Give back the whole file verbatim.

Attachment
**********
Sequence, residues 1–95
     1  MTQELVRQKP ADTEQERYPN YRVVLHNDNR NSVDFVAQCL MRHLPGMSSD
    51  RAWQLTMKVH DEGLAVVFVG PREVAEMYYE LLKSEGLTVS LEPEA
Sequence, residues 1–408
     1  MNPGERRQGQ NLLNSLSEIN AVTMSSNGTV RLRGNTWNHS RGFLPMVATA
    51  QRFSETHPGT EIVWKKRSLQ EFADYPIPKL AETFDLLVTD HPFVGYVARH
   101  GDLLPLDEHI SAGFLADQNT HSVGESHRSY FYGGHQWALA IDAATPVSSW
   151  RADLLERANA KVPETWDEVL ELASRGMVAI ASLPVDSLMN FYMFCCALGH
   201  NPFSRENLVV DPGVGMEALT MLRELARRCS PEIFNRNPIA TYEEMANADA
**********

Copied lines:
Sequence, residues 1–95
     1  MTQELVRQKP ADTEQERYPN YRVVLHNDNR NSVDFVAQCL MRHLPGMSSD
    51  RAWQLTMKVH DEGLAVVFVG PREVAEMYYE LLKSEGLTVS LEPEA
Sequence, residues 1–408
     1  MNPGERRQGQ NLLNSLSEIN AVTMSSNGTV RLRGNTWNHS RGFLPMVATA
    51  QRFSETHPGT EIVWKKRSLQ EFADYPIPKL AETFDLLVTD HPFVGYVARH
   101  GDLLPLDEHI SAGFLADQNT HSVGESHRSY FYGGHQWALA IDAATPVSSW
   151  RADLLERANA KVPETWDEVL ELASRGMVAI ASLPVDSLMN FYMFCCALGH
   201  NPFSRENLVV DPGVGMEALT MLRELARRCS PEIFNRNPIA TYEEMANADA